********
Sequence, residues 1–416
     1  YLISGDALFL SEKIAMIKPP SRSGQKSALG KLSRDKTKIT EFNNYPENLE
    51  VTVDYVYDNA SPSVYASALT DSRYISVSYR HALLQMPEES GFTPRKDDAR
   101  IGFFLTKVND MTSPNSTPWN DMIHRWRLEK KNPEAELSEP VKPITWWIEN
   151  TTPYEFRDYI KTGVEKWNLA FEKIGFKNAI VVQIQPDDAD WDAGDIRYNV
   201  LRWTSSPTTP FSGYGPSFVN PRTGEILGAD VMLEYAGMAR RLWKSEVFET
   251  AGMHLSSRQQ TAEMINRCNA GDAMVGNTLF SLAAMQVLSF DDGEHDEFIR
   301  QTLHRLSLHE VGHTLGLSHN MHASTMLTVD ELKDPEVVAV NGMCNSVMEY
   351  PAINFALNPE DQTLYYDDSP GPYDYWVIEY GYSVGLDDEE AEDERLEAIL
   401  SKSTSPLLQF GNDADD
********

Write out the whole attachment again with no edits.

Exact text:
Sequence, residues 1–416
     1  YLISGDALFL SEKIAMIKPP SRSGQKSALG KLSRDKTKIT EFNNYPENLE
    51  VTVDYVYDNA SPSVYASALT DSRYISVSYR HALLQMPEES GFTPRKDDAR
   101  IGFFLTKVND MTSPNSTPWN DMIHRWRLEK KNPEAELSEP VKPITWWIEN
   151  TTPYEFRDYI KTGVEKWNLA FEKIGFKNAI VVQIQPDDAD WDAGDIRYNV
   201  LRWTSSPTTP FSGYGPSFVN PRTGEILGAD VMLEYAGMAR RLWKSEVFET
   251  AGMHLSSRQQ TAEMINRCNA GDAMVGNTLF SLAAMQVLSF DDGEHDEFIR
   301  QTLHRLSLHE VGHTLGLSHN MHASTMLTVD ELKDPEVVAV NGMCNSVMEY
   351  PAINFALNPE DQTLYYDDSP GPYDYWVIEY GYSVGLDDEE AEDERLEAIL
   401  SKSTSPLLQF GNDADD